Australia’s biggest listed honey company and some major supermarket chains face accusations of selling fake honey, with Beechworth Honey’s Jodie Goldsworthy saying it’s time to speak up about honey frauds.
Testing at a leading lab that specialises in honey fraud detection found almost half the samples selected from supermarket shelves was “adulterated”.
Experts say adulterated honey was generally bulked up with rice syrup and beet syrup and other substances, which aren’t detected by official honey tests.
Capilano’s Allowrie branded Mixed Blossom Honey, markets itself as 100 per cent honey, showed up as “adulterated” in the majority of samples tested.
Capilano strongly denied any issues with its products and criticised the type of test – known as Nuclear Magnetic Resonance – used to detect the impurities, pointing out it differed from the official Australian test.
Using the NMR testing the results showed that 12 of the 28 samples tested, were not 100 per cent pure honey.
Four of the six IGA Black and Gold private label registered as adulterated, two of six ALDI Bramwell’s private label brands failed the NMR test and six out of eight of Capilano’s Allowrie budget branded bottles had adulterated honey when NMR screening was used.
The same 28 samples were then tested using the official Australian test, C4, and all passed. There is no suggestion that ASX-listed Capilano’s eponymous brand of Australian sourced honey has any issue.
IGA said "All Black & Gold honey is sourced from a well known Australian-owned producer, and it meets the requirements of the Australian and New Zealand Food Standards Code. Production of the product is under the direct control of the Australian supplier."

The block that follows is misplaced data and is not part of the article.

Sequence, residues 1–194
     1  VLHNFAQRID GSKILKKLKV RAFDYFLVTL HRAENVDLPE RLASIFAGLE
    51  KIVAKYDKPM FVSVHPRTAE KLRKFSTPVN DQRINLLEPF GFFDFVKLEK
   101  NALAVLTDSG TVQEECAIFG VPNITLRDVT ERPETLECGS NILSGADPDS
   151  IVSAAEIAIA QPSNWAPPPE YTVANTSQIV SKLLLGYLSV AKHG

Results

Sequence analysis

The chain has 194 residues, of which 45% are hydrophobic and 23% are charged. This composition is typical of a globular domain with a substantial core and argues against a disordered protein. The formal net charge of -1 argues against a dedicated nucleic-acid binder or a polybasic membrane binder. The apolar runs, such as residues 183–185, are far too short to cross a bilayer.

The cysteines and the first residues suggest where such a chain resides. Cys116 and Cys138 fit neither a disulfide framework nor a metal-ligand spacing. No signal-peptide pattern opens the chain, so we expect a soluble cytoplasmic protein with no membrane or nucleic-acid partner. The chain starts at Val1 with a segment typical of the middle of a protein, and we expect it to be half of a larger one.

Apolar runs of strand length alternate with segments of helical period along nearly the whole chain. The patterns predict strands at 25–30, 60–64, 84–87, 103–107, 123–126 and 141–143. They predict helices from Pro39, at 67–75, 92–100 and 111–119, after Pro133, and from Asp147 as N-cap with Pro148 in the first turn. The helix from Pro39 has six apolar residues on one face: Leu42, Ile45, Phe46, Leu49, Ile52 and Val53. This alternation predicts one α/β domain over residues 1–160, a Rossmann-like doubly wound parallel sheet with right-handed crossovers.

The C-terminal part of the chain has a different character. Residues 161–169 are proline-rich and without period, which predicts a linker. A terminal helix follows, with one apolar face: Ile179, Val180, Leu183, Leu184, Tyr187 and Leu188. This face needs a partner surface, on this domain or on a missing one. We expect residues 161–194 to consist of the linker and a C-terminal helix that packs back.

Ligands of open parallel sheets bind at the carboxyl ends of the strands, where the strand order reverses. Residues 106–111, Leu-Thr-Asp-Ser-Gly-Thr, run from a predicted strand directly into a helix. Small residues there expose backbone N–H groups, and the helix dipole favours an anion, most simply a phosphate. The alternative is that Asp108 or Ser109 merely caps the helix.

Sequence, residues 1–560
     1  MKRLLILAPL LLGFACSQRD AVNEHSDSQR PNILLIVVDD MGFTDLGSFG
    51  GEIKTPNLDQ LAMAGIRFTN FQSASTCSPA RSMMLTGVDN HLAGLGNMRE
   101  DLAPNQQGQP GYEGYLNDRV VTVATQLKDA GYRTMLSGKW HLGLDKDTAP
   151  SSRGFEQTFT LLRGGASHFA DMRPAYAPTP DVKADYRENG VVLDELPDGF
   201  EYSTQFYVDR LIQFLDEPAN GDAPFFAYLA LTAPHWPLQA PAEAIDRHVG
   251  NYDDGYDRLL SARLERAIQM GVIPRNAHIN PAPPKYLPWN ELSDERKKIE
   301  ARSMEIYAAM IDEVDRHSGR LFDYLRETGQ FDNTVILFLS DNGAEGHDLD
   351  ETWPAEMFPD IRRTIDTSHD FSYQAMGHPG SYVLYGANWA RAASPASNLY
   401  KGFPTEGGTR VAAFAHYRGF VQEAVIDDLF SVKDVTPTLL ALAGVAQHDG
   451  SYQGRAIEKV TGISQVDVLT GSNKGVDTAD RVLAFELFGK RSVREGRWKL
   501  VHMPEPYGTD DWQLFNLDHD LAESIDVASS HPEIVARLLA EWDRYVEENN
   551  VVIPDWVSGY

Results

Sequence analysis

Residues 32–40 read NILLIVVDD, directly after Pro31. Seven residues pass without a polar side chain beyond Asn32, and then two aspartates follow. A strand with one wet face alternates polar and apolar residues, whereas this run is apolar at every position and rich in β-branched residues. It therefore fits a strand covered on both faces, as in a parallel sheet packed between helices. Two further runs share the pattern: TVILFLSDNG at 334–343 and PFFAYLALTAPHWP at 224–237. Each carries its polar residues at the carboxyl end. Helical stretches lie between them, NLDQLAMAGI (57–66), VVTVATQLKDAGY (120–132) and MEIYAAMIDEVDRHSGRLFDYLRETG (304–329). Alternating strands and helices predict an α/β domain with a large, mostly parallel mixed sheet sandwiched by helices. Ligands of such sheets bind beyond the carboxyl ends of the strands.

ALDI has already moved to pull an affected product from its shelves as a precaution. ALDI said they would investigate the claims and if the investigations conclude that the product has been adulterated, it would permanently be removed from sale at ALDI and further actions would be taken with the supplier.
Until 2004, honey imports were banned from Australia, but severe drought conditions helped convince the government to open up the market and test about 5 per cent of imported honey consignments under Imported Food Inspection Scheme, using the official C4 test.
Beechworth Honey uses only Australian honey, with managing director Mrs Goldsworthy saying in 2004 when the company – and the industry – was in short supply of honey due to the millennium drought, she considered importing honey.
“We looked at each other and said if we’re to import this honey we wouldn’t eat it on our breakfast table, so that for us meant importing honey was not a decision that was right for us,” she said.
It was an expensive decision. The shortage of honey meant they couldn’t supply the products, which effectively cut the business in half.
But in the long run it paid off, and built credibility.
During the 2014 drought Beechworth again voluntarily deleted half its products from supermarkets to maintain 100 per cent Australian honey supply. Mrs Goldsworthy said beekeepers had been silent about the problem of adulterated honey, for fear of hurting the industry’s reputation.
“The silence has made it really easy for the frauds to go on unhindered. It’s time to speak up before it’s too late.”
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